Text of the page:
As foreboding as the name ‘Danakil Depression’ perhaps sounds it is nothing more than a case of calling something that it is. First, northeast Ethiopia forms part of the 100,000 square kilometre Danakil Desert measured as being one of the hottest and lowest places on the Earth’s surface. Second, it lies at the junction of three tectonic plates – a triple junction – each drawing apart from its neighbours and leaving a basin, or depression, in the land. Eventually the separation of these tectonic plates will split the horn of Africa off the continent completely and the Danakil Depression will either become part of the Red Sea’s floor, or the bed of a new sea entirely. In approximately 100 million years.
Although the depression, which sits at 130 metres below sea level, is (very) dry land for the moment the region’s volcanic activity has meant that the area has been repeatedly flooded by the Red Sea and then sealed again with the most recent incursion being a mere 30,000 years ago. Each time the waters evaporated thick layers of salt remained and current estimates suggest deposits 800 metres thick in parts of the salt plain. Visually it is not as stunning as the Salar de Uyuni in Bolivia – appearing more of a dirty brown-white against Uyuni’s blazing white expanse – but looks are only one way to measure the worth of something. The Danakil salt plains – part of the region National Geographic has called the ‘cruelest place on Earth’ – prove that man can live anywhere if he has the will. And Ethiopians have the will.
White Gold: A Tradition Spanning the Centuries
For centuries this inhospitable and remote location has been the centre of a booming economy in salt – indeed for a long time salt blocks were the currency. Even today, when currency in measured by the Ethiopian Birr, the salt blocks mined here still have significant importance in a country 4.5 times the area of the United Kingdom. But despite the centuries the process of mining and transporting the salt has remained unchanged.
Thousands of workers spend six hours a day, six days a week, ten months a year working in small teams to mine the salt. The first job is to crack open the surface of the salt plains with pick axes and wooden poles. These large fragments are then shaped into small, rectangular blocks approximately 35cm long and weighting 4kg using only a small, bladed, hand tool. It is gruelling work in the intense heat of the desert often north of 50°C and the workers have little protection against the constant contact with salt.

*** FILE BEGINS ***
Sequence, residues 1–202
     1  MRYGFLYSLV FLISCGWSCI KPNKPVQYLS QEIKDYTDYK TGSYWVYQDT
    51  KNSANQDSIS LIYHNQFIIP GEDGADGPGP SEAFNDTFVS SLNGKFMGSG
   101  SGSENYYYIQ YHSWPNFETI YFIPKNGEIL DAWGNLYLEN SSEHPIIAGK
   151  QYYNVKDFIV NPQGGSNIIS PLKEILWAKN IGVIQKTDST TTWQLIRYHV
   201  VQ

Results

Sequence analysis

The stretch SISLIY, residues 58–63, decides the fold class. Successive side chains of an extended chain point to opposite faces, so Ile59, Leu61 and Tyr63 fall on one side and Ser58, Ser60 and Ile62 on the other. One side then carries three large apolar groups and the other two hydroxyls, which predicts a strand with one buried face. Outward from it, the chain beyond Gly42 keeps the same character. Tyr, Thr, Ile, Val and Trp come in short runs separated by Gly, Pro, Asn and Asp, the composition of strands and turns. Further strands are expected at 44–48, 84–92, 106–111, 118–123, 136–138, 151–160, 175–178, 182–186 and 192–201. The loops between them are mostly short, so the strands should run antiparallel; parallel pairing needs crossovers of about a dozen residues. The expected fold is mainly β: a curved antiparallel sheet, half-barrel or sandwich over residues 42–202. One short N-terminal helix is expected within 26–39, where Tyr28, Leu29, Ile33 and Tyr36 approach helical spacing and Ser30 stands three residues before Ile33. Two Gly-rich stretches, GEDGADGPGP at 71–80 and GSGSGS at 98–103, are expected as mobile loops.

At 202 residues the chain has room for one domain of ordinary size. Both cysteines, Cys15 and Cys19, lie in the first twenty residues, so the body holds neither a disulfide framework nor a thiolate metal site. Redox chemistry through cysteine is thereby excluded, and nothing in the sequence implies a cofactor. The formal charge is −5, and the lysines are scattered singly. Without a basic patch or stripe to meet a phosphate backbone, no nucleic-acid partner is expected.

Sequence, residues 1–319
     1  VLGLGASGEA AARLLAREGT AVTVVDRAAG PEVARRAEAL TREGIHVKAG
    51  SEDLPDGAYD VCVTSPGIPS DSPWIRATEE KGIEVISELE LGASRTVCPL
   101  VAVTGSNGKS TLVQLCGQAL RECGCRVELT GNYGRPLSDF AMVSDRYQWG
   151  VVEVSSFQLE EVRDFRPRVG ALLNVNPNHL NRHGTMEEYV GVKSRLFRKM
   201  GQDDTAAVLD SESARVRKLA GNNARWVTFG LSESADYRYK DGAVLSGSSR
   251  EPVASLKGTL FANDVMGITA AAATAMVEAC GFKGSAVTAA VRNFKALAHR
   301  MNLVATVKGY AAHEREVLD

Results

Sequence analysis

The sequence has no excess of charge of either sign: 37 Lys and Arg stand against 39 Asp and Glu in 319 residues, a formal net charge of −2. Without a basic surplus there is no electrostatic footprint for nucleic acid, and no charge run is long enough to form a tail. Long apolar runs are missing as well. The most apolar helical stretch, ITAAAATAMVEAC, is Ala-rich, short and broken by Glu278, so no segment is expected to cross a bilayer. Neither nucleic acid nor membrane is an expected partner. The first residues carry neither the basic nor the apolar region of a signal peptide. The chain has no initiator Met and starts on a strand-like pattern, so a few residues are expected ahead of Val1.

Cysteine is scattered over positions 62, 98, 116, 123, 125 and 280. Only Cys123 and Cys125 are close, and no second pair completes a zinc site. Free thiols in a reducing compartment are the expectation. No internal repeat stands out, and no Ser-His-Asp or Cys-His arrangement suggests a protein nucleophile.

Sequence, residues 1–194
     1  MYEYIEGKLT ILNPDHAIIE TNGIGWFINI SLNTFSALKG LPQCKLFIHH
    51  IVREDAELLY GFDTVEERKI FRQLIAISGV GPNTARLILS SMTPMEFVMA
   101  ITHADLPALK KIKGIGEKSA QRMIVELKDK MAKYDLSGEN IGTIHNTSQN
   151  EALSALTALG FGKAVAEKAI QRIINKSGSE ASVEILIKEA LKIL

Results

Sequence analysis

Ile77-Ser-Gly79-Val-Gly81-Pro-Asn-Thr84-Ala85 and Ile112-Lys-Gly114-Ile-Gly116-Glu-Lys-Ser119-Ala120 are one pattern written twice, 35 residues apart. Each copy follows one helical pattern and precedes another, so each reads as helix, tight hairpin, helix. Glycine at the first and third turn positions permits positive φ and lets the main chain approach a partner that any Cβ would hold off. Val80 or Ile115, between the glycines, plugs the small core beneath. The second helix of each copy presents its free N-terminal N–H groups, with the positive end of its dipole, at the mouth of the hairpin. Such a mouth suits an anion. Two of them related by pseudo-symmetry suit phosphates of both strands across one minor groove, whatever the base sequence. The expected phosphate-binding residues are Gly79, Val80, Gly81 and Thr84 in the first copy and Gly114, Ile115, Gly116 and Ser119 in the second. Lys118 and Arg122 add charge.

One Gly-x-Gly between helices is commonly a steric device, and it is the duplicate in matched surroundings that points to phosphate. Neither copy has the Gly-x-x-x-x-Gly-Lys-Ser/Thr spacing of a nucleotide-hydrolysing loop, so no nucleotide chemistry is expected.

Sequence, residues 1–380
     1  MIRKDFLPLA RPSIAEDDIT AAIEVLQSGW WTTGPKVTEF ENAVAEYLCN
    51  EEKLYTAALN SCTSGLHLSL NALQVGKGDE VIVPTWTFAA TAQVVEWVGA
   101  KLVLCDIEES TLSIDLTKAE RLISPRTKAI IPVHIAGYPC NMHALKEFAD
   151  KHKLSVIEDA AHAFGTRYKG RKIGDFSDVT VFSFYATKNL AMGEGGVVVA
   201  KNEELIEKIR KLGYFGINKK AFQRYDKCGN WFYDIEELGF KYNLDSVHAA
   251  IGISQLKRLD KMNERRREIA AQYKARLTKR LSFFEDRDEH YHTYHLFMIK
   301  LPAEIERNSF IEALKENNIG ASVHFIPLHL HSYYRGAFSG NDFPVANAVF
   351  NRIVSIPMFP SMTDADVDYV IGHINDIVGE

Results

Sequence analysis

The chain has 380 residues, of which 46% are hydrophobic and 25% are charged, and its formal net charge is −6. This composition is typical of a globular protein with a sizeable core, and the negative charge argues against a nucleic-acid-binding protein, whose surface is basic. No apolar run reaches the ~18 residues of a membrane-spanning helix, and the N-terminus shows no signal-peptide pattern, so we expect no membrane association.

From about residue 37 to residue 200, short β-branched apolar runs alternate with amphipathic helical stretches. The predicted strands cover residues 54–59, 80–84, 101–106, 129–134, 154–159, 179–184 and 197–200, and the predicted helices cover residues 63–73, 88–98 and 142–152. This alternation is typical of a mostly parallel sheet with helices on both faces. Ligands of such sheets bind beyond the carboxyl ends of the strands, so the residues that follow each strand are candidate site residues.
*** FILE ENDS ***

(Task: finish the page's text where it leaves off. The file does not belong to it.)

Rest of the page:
Whilst I believe that still photography has an impact that is usually – over time – more powerful than video, this is one of those times where video adds a lot.
Despite being in the Danakil region of Ethiopia, an area that is home to the Afar people, most of the salt workers are Tigrayans from the highlands to the west who have come for the work. Whilst it was unclear how many Afar salt workers there are – if any – it was clear that they owned and operated the camel caravans with their costs (and profits) coming from the 400% mark-up between how much they pay and subsequently sell the blocks for.
Once cut to size the salt blocks are tied into bundles and loaded on to camels for the two-day journey back to the town of Berhale stopping overnight at the village of Ahmed Ela.
Once at Berhale the salt gets loaded onto trucks for distribution across Ethiopia ending up in factories, restaurants, and local markets.
Brown Gold: An Uncertain Future
Inevitable though it may be progress is threatening this centuries-old tradition and many of the Ethiopians I spoke to view the completion of a tarmac road – which by the end of 2014 had reached Ahmed Ela – with uneasy concern. It may seem an odd investment; roads are expensive things to construct and a camel-stop town seems an unlikely destination, and you can perhaps be forgiven for assuming an ulterior motive in its construction. And there is.
Being a geologically active area the area is exceptionally rich in minerals, especially potash which is an excellent fertiliser and one much in demand. Although potash is not scarce, its proximity to the surface in Danakil makes the region an extremely cost effective source – if you can get there. Attempts have been made in the past to mine these minerals on a commercial scale, such as the Canadian mine from the early twentieth century, but the inhospitable climate and remoteness made commercial mining uneconomic. But combine cash-rich foreign investors with an eye on long-term financial returns with modern automated machinery and mining on a large scale becomes possible, and profitable. All you need is the means to get there.
Whilst the road, which as of 2016 is apparently complete – is the first step toward the mining of mineral deposits such as potash- the salt flats are an easy target and many of those who depend upon the traditional process of salt mining (the Afar, the Tigrayan workers, the camel-stop towns and villages) see the dawn of mechanised mining as a clear and present danger. It would be the end of a centuries-old way-of-life and put many people out of work in an area where work is hard to come by.
It would also destroy one of the few remaining wildernesses left on the planet. If that seems melodramatic, here’s a fact for you: Three mining companies have already been granted licenses to mine potash in the Danakil area and one company alone – Yaro International – is gearing up to mine 600,000 tonnes. Per year. Now imagine what that will do to the landscape in the photograph below.
Hopefully the mining will be done with care and consideration for the surrounding environment, but here’s some more images of the region at the end of 2014. Just in case…